By Nathalie Voit

Google executives told employees pay won’t be raised to counter inflation at an all-hands virtual meeting held on Dec. 7.

“We don’t have any plans to do any type of across-the-board type adjustment,” said Frank Wagner, the company’s vice president of compensation, in response to a question related to rising costs and worker pay that had received 400+ upvotes.

The question, submitted to an internal forum called Dory ahead of the meeting, was graded by management as a topic of company-wide concern based on the number of “upvotes” it had received.

“With the U.S. inflation rates being as high as 7%, some companies are doing blanket salary adjustment to cover just the inflation,” the question stated, according to audio and a transcript of the meeting obtained by CNBC.“Is there any plans for Google to do the same thing?”

The question was read aloud by Google CEO Sundar Pichai, who then yielded the floor to Wagner.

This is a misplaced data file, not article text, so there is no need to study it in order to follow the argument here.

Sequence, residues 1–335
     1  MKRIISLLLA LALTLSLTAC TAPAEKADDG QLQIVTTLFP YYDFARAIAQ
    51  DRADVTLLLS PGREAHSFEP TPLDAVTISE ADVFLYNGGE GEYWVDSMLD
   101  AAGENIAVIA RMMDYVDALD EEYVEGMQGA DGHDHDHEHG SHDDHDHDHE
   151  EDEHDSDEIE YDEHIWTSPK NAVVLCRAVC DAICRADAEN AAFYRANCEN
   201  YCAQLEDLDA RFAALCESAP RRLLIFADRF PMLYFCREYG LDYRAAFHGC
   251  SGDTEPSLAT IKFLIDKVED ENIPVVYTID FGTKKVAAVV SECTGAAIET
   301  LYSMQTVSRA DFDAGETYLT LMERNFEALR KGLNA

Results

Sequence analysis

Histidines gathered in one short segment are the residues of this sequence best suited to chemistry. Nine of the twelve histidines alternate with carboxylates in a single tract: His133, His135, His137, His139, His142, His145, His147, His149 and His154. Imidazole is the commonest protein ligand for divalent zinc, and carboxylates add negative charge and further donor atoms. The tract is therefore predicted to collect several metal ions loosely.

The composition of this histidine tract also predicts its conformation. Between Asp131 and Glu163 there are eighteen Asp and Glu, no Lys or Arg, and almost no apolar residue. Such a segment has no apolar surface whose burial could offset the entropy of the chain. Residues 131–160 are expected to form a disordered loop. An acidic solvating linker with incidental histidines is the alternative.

“Inflation does seem to be atop of mind for a lot of folks, and I think one of the reasons is that people are pretty eager to get their compensation awards,” Wagner replied.

While Wagner acknowledged the effects of inflation on the company’s 140,000+ full-time workers, he said Google would not introduce blanket inflation-adjusted pay hikes just yet.

“As I mentioned previously in other meetings, when we see price inflation increasing, we also see increases in the cost of labor or market pay rate,” Wagner said. “Those have been higher than in the recent past and our compensation budgets have reflected that.”

Instead, the tech giant will dole out performance-based compensation awards, the VP said.

“Employees receive bonus and equity as part of their total compensation, which also includes generous benefits and flexibility,” a spokesperson for the company reiterated in a statement, according to the CNBC report.

Google parent Alphabet announced a record $65.1 billion in third-quarter profits in October, up 41% from one year ago.